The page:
In another assignment of error appellant contends the trial court erred in finding that appellant had not brought her action within a reasonable time after the commencement of the use of vile language toward her. It is unnecessary for us to discuss or rule upon this particular assignment, because of the preceding portion of this opinion. Where a judgment of the trial court is based upon alternate grounds, if the judgment can be affirmed on one of the grounds the fact that the alternative ground may have been in error is of no consequence and may be disregarded. To state this principle in another manner, this court must uphold the finding and judgment of the trial court if it is capable of being upheld on any theory. Berry v. Koehler, 86 Idaho 225, 384 P.2d 484 (1963). See Cassia Creek Reservoir Co. v. Harper, 91 Idaho 488, 426 P.2d 209 (1967).
One other assignment of error by appellant requires attention. She contends the trial court erred when it denied the divorce but failed to award her separate maintenance. It must first be noted that appellant did not allege any cause of action for separate maintenance, nor did she pray for a decree of separate maintenance in her complaint. Additionally, the trial court found upon competent, and substantial, though conflicting, evidence that she had failed in her burden of proof of any grounds entitling her to a decree of separate maintenance. Such finding will not be set aside by this court on appeal. Huppert v. Wolford, 91 Idaho 249, 420 P.2d 11 (1966).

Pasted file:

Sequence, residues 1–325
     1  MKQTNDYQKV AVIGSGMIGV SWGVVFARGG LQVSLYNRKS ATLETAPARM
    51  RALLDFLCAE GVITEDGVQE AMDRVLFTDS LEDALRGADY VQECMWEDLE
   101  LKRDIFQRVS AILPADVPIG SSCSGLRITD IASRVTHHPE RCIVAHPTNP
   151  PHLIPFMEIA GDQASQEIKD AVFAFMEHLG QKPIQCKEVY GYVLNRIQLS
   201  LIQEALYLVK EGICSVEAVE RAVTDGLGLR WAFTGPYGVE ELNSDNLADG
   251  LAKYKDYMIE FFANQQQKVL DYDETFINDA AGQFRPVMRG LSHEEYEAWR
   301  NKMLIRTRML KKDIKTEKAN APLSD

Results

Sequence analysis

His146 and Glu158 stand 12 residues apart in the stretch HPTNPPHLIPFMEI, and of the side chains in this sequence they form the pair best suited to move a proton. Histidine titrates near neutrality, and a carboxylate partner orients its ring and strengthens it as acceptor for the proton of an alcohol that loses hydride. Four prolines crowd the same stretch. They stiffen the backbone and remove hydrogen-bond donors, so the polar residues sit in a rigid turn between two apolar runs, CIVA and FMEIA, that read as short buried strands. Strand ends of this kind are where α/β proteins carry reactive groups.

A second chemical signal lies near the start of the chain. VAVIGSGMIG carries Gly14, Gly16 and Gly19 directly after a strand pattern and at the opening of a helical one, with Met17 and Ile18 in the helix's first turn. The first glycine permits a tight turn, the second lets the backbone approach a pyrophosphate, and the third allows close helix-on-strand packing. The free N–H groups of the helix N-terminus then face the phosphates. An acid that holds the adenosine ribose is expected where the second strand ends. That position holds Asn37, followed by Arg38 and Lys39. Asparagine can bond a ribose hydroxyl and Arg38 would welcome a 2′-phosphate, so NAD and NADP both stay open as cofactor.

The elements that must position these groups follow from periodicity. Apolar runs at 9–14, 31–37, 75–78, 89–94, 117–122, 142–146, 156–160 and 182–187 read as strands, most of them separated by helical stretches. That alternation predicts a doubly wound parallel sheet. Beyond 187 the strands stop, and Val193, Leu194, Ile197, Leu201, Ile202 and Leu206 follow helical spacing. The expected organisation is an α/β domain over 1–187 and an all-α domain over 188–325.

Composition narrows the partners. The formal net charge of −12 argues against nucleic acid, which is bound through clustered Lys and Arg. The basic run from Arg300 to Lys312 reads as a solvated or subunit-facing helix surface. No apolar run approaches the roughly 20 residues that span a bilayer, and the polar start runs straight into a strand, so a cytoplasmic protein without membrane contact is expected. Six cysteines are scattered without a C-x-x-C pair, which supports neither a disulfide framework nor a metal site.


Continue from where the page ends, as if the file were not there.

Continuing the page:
However, in the argument contained in appellant's brief, and also in the oral argument presented by her counsel at the hearing on the appeal, it is stated that the parties have failed to reconcile during the two-year interim between the judgment of the court and the hearing on appeal, and therefore this court is urged, on the basis of that alleged fact, to enter a decree of separate maintenance. On any appeal, this court is prohibited from basing its decision on any facts or circumstances not before the trial judge at the time of his decision and not contained in the record of the cause before this court. Whether or not these parties have or have not reconciled during the interim period is not of record, was not presented to the trial court, and cannot be relied upon by this court in determining the issues on this appeal. As this court stated in Steinour v. Oakley State Bank, 45 Idaho 472, 262 P. 1052 (1928):
'* * * The cause comes to us on the record made; and, to determine the correctness or incorrectness of the trial court's decree, we can consider nothing but what was before the court at the time. * * *' (at p. 483, 262 P. at p. 1056).
This principle is followed in Eldridge v. Payette-Boise W. U. Ass'n, 50 Idaho 347, 296 P. 1022 (1931). As stated in my dissenting opinion in Reed v. Green, 90 Idaho 526 at 536, 414 P.2d 445 (1966):
'Another principle long adhered to by this court is that the trial judge is the arbiter of conflicting evidence, and his determination of the weight, credibility, inference and implications thereof is not to be supplanted by this court's impressions or conclusions from the written record. (citations omitted)
'These principles are most aptly expressed by Justice Givens in Speaking for a unanimous court in Conley v. Amalgamated Sugar Co., 74 Idaho 416, 263 P.2d 705, wherein he stated:
"After the court has found, the criteria are not what other or different findings the...